As with all attacks on public services, the potential pool crisis does not affect us all equally. British Olympians are more than four times more likely to have attended private school, while Britain’s poorest are significantly less likely to engage in regular exercise or sports. Poorer Brits, particularly in inner-city areas, are the ones most affected by leisure facilities closing and the least likely to have access to safe outdoor swimming. Not that open air swimming is a tempting prospect in much of the rest of the country: according to a report by pressure group ‘Top Of The Poops’, raw sewage was discharged into English bathing sites 25,000 times in 2021, driven almost entirely by water companies’ unwillingness to upgrade essential sewage infrastructure. Under the Tories, Britain faces a double blow of austerity and laissez-faire industrial regulation which is killing what should be a popular pastime accessible to everybody.

The question of rebuilding these public services is, of course, one around which the Left should rally. But it isn’t just a functional question. Sports and leisure are highly emotive topics that can drive otherwise ‘apolitical’ people to take action in their communities. Towns across the country regularly see community groups forming to call for local pools to remain open and be protected. In 2017 a group of squatters in Chorlton occupied the local former bath house, repairing and refilling its pool and reopening its saunas to the public, with free swimming on offer; but the collective was evicted, and the pool sat abandoned for the next five years. From radical collectives to the gentle ‘friends of the lido’, leisure and sport play a galvanising role.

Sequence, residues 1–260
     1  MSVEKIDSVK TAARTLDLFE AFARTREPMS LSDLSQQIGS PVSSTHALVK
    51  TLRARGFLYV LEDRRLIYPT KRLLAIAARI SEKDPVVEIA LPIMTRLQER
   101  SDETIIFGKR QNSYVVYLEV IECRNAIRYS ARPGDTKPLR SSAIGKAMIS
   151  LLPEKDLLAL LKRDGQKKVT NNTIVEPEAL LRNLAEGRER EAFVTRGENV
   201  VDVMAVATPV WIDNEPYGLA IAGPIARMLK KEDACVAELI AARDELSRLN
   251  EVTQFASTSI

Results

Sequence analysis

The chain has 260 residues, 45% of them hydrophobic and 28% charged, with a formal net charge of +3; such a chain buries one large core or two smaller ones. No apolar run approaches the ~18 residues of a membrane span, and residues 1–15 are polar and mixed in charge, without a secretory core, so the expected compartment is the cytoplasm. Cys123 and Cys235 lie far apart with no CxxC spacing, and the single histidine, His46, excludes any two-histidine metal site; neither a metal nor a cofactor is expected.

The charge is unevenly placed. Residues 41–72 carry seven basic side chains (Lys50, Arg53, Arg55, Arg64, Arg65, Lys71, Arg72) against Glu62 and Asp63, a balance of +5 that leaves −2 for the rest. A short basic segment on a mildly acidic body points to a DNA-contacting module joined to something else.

In 2019, Labour recognised this and proposed a policy to empower football supporter’s trusts which would have given fans more power in how their teams are run. The idea, quickly abandoned under Starmer, imagined a society in which the everyday issues people care about, like sport and leisure, could form focal points around which communities could be empowered, and through which local movements could grow. So while nationalised municipal services should be the backbone of any left sports policy, they can be supplemented by measures that give local communities the ability to build and run the facilities to serve them: from overturning squatting laws brought in by Cameron to building community buy-back schemes and investing in infrastructure and subsidies, rebuilding our devastated public sports facilities requires a holistic approach.

Swimming in the UK saves the NHS and social care services an estimated £357 million a year. But the benefits can’t be framed as purely economic. Investment in public infrastructure is too often stated in cold terms that downplay the real meaning it has for the ordinary people who use it. The pursuit of leisure, in whatever personal or communal form that may take, is part of the world the Left struggles for. When we look at the closure of public pools, we aren’t just looking at the inherent inequalities and bad economics of a capitalist world; we’re looking at a world in which human joy and wellbeing is devalued. The alternative is one that prioritises health, happiness, and leisure for every member of the community.